The ZZ plant (Zamioculcas zamiifolia) gets its common name from its botanical name. Since Zamioculcas zamiifolia was long and difficult to say, many nursery workers simply shortened it to ZZ. The plant stems grow in a graceful, wand-like shape that starts thick and bulbous at the base and then tapers to a point. Along the stem are fleshy, oval-shaped leaves that make the plant look like stylized feathers. The entire plant has a waxy, shiny coating that makes it appear to resemble those made of plastic. Between the sculptural qualities of the plant and its waxy coating, it is not uncommon for people to insist that it must be an artificial plant. Small, insignificant flowers consisting of a spadix surrounded by a spathe may appear at the base of plants in summer, although ZZ plants rarely flower indoors.
What makes ZZ plant such a good houseplant is that it's wonderfully tolerant to a wide range of conditions, including low light, low humidity, and periods of drought. It's truly one of the toughest houseplants around, making it a perfect choice to add to your home or office. In addition, it has air purifying qualities for the indoor environment.
The ZZ plant will do best in bright to moderate, indirect light. While it can take direct light, you may see some scalding on the leaves if it is left in direct light. Additionally, curling leaves, yellowing and leaning can all be an indication of too much light. If you notice curling taking place, it typically means the plant is trying to move away from the light source. Move the plant to a shadier location or farther away from the light source. You can also try filtering the light with curtains or blinds if moving the plant is not feasible. The ZZ plant will also do fine in extremely low levels of light. This makes it an ideal plant for a window-less office or bathroom where it will only receive small amounts of fluorescent light.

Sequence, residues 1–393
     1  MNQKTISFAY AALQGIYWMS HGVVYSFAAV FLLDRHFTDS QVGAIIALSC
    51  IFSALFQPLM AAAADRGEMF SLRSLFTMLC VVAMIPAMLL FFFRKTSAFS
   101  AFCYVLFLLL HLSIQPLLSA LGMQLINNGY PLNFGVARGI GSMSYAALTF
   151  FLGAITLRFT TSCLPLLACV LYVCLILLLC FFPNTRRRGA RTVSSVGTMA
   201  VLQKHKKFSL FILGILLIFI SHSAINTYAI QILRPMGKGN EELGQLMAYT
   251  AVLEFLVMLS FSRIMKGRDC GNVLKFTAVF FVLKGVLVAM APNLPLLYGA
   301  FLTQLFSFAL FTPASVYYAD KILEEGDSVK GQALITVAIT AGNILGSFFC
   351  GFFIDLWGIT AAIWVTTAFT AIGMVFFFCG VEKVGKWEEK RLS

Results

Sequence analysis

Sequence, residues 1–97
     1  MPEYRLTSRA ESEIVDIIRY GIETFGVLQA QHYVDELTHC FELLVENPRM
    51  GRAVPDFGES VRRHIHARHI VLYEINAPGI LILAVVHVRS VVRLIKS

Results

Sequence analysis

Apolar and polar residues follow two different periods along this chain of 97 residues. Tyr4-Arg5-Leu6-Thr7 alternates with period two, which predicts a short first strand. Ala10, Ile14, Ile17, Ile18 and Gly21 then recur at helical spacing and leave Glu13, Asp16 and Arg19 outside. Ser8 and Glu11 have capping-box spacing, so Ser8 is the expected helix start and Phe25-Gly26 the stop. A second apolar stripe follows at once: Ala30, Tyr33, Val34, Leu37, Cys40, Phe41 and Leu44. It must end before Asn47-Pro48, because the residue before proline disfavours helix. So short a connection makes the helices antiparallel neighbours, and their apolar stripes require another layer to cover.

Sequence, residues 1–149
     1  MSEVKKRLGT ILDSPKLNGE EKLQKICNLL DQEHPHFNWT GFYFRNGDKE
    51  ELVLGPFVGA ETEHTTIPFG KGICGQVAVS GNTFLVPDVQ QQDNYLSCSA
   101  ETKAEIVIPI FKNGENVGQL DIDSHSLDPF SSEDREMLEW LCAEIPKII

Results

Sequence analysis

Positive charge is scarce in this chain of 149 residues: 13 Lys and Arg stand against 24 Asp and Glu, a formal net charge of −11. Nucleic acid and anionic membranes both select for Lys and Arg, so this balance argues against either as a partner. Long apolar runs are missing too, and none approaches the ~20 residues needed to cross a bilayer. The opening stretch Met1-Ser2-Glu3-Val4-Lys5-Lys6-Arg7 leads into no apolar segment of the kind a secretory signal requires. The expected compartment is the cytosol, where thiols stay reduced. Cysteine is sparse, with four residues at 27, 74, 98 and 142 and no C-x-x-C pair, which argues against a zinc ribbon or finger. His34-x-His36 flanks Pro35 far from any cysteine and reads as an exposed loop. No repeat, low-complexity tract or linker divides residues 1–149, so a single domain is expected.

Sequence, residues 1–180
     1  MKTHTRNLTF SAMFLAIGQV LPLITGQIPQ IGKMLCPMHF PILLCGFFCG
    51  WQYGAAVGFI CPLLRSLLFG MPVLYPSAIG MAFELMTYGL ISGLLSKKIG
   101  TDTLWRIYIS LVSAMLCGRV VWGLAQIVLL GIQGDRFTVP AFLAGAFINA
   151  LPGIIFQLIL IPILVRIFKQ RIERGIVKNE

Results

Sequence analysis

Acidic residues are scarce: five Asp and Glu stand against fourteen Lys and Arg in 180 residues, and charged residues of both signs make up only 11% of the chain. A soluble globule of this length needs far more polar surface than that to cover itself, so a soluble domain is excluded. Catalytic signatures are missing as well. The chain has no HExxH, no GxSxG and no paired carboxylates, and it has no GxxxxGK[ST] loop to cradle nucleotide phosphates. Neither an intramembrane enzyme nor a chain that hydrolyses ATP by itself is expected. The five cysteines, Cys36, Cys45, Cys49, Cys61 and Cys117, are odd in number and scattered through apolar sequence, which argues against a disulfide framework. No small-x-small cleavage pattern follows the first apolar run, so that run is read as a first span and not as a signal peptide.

Water the plant once every one to two weeks - as the top inch or two of the potting mix dries. If the soil is wet or damp wait a little longer before watering. The plant has underground rhizomes that can rot if the soil stays too wet. As a survival technique, ZZ plant has evolved to start dropping its leaflets to conserve moisture during periods of severe drought. If you forget to water yours and see the leaflets fall, don't give up hope. Water your plant again and it should resuscitate.
ZZ plants are happy without fertilizer, but if you would like, you can give the plants half strength fertilizer one to two times a year and only in the summer months.
Pruning may be beneficial as the plant grows. Cut away leaflets that are turning yellow near the base of a stem. Once a stem has grown much longer than all other stems you can remove that stem or cut it to size at the tip. It can sometimes look a little odd when a stem is cut off to size, so removing it completely might be another option - depending on individual preference.
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